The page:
Summary: Here’s the truth, whether we want to recognize it or not: we’re in a battle. When we choose Jesus Christ, we’re not choosing the easy path in life. Our foes are worse than any of those in human battles: we’re battling “spiritual forces of evil”. Our foe i
“Armed and Dangerous”
Kung Fu Clergy. Martial Arts Ministry. If you think these are cute oxymorons, think again. More karate clergy are cinching their black belts than ever, chopping for Christ, kicking, blocking, flipping and punching their way into churches everywhere. Many of them, now in their 40s, watched the early 1970s television series, Kung Fu, about a half-American Sholin priest, hiding out in the American Wild West, righting wrongs by defending the weak – only after showing considerable self-restraint.
At tiny Emmanuel Baptist Church in Montana, the Rev. Kent Haralson, who started teaching karate kicks on the lawn two years ago, has since baptized 24 of his karate students, and attendance at Sunday services has doubled to 130. Some people just take clergy more seriously if we aren’t in the “Jesus meek and Jesus mild” category. No more sniveling, pantywaist, milquetoast, momma’s-boy clergyguys who get sand kicked up into their faces. We’re talking martial –arts – MINISTRY!
((PUNCTUATE THE WORD “MINISTRY” WITH A FURIOUS KARATE CHOP TO THREE OR FOUR BOARDS SET ON CINDER BLOCKS. DON’T WORRY – THEY’LL BE SAWN IN TWO AND THEN GLUED TOGETHER!))
Is that what the apostle Paul had in mind when he listed the weapons at a Christian’s disposal in today’s text? Probably not. Paul was writing when the Roman military industrial complex was at the peak of its glory and to a people who understood the technological superiority of the tools and training of the Roman soldiers. He used examples of Roman war weapons because these military tools were familiar the world over, and because such imagery carried real power.
His point is clear: Christians are in a war, but it’s not a war against a flesh and blood enemy; therefore, the weapons of choice are not material but spiritual. Figurative swords, helmets, shields and the like are needed in order to stand firm.
Here’s the difficulty for today: we don’t live in first-century Rome. The political culture today is not receptive to military images as appropriate for Christian slogans and evangelism. That’s why it’s so easy for us to miss the apostle’s central message, which is so important for us: The Christian life is all about staying alert, standing firm and proclaiming the gospel of peace.
In attempt to de-emphasize what seems to be inappropriate language with which we are uncomfortable many Christians ignore the battle-like imagery of this passage. We’re uncomfortable with war and we would rather leave this passage alone. We wish Paul had used a different metaphor, perhaps drawn upon the agrarian culture of his day: “Pick up the hoe of the Spirit, don the straw hat of salvation, hold up your trousers with the suspenders of truth, and pull on the barn coat of righteousness.” But he didn’t.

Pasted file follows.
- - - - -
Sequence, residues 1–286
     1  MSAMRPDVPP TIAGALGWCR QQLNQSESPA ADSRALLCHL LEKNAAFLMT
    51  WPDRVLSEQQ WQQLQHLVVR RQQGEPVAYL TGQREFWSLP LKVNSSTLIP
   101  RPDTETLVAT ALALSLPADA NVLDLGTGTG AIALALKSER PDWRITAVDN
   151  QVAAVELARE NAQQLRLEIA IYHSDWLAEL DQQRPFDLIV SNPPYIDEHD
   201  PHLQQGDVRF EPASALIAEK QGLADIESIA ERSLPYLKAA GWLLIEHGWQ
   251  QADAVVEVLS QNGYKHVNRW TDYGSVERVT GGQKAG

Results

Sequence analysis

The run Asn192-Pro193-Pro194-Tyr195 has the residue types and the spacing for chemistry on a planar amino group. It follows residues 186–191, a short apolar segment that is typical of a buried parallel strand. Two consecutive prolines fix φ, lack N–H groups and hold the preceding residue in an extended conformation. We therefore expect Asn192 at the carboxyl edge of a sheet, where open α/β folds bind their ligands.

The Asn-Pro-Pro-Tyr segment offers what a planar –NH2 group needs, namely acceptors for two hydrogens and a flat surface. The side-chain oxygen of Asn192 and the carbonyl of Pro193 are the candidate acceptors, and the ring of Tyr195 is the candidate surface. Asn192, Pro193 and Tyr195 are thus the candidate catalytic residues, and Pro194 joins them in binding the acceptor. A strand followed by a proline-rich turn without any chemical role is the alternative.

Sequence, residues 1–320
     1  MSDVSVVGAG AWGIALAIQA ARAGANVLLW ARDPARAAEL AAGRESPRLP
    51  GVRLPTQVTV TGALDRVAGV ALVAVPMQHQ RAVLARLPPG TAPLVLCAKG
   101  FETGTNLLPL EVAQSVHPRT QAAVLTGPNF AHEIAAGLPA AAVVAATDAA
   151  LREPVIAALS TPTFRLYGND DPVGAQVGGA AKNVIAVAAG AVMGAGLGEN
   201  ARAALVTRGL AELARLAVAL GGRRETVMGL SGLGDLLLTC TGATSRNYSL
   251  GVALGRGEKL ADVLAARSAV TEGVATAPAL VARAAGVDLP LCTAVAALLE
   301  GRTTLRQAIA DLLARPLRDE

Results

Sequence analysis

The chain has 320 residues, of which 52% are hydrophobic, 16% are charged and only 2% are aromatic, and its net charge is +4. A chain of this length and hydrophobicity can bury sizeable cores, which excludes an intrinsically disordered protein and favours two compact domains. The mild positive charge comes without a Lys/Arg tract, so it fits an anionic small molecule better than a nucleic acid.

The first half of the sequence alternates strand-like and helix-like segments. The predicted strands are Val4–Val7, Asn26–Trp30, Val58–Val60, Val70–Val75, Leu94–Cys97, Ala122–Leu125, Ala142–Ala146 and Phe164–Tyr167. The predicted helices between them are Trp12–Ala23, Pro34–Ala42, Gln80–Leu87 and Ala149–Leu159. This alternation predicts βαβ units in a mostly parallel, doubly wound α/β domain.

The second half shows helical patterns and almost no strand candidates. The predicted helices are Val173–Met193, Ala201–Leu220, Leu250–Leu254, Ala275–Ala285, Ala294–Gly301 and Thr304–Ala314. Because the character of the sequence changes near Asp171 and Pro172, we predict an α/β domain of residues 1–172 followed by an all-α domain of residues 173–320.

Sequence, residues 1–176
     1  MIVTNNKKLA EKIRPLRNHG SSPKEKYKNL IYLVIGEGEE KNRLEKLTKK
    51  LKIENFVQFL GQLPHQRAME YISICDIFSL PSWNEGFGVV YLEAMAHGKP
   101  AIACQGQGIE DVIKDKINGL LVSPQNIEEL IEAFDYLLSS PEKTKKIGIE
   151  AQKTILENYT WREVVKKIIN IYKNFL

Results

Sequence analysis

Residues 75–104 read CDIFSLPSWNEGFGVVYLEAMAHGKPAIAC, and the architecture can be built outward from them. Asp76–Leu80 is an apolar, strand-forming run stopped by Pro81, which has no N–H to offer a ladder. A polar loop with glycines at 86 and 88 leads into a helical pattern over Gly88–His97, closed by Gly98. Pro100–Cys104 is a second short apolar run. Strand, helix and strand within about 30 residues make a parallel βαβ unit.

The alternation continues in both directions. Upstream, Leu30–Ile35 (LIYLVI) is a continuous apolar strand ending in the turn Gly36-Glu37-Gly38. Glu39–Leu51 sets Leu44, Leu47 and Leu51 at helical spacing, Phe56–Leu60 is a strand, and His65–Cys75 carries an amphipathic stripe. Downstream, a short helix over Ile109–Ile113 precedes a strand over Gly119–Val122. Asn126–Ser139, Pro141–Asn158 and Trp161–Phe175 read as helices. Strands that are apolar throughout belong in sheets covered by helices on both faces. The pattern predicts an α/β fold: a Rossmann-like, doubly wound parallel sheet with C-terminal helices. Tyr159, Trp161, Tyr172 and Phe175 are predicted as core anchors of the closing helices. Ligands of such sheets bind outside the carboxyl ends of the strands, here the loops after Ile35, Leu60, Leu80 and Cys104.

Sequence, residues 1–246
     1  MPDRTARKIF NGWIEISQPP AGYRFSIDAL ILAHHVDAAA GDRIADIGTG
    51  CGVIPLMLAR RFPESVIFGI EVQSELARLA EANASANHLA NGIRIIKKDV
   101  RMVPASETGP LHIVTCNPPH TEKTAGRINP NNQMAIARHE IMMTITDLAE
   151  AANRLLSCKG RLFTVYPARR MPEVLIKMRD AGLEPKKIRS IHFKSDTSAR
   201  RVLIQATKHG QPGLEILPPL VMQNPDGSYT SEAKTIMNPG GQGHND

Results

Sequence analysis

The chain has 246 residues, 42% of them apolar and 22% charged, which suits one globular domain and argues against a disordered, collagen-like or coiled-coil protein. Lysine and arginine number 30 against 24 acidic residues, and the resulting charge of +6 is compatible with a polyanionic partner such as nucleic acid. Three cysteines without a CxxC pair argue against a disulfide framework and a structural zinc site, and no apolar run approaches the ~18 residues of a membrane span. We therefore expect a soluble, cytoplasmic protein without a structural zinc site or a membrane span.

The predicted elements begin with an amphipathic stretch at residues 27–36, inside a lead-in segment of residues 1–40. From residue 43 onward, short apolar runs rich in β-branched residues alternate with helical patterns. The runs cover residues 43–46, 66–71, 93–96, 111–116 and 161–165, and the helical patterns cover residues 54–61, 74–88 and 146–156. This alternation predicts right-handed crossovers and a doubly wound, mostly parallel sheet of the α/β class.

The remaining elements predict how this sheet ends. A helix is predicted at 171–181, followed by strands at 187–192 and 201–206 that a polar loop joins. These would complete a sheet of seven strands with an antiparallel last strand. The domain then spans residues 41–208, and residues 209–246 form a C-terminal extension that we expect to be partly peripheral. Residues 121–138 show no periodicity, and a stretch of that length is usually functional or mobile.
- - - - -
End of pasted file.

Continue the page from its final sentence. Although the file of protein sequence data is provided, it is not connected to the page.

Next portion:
Paul chose to suggest for us an imagery of weapons; tools at our disposal allowing us to not only stand firm but to spread the gospel of peace. And here’s the truth, whether we want to recognize it or not: we’re in a battle. When we choose Jesus Christ, we’re not choosing the easy path in life. Our foes are worse than any of those in human battles: we’re battling “spiritual forces of evil”. Our foe is strong. But here’s the encouraging thing: there is no greater protection in this conflict than “the whole armor of God” that Paul speaks about.
Before we go any further I want to caution you of two extremes - First of all let me say this: don’t give the enemy too much credit. Many churches have a tendency to glorify the enemy, and give him more credit than he deserves. There’s an old fashioned phrase which I used to hear growing up which is fairly simplistic and yet pretty powerful. It goes like this: I’ve read the back of the book and Christ wins! When Jesus Christ rose from the dead he won the victory for us. And while we’re constantly fighting a battle we have the promise of a power at our disposal that is greater than that of our enemies.
But let me also say, be careful that you don’t give the enemy enough credit. The Devil is a powerful force to be reckoned with. And sometimes we fail to recognize that power.
There are two paths that a person who becomes a Christian can take: the easy way and the difficult way; the artificial and the genuine; the lie or the truth. And the battle that Paul talks about here in this text is the battle which goes on in the lives of those who have chosen the difficult path. The genuine path. The truth.
If you choose to search for holiness, to truly follow Christ, to live a Christ-like life you will become a dangerous opponent of the devil. On the other hand, if you simply go through the motions, come to church, pay your tithe, and give your nod-to-God then the enemy will be perfectly comfortable with who you are. Why? Because you’re not a threat. Christians who are not diligently following Christ present no risk to the enemy. They won’t do any harm, and so why bother them? Let them feel comfortable with themselves, they’re better off to the enemy staying like that. The enemy doesn’t want you to grow. He doesn’t want you to take up your cross and follow Christ, because if you do you’re going to cause him trouble.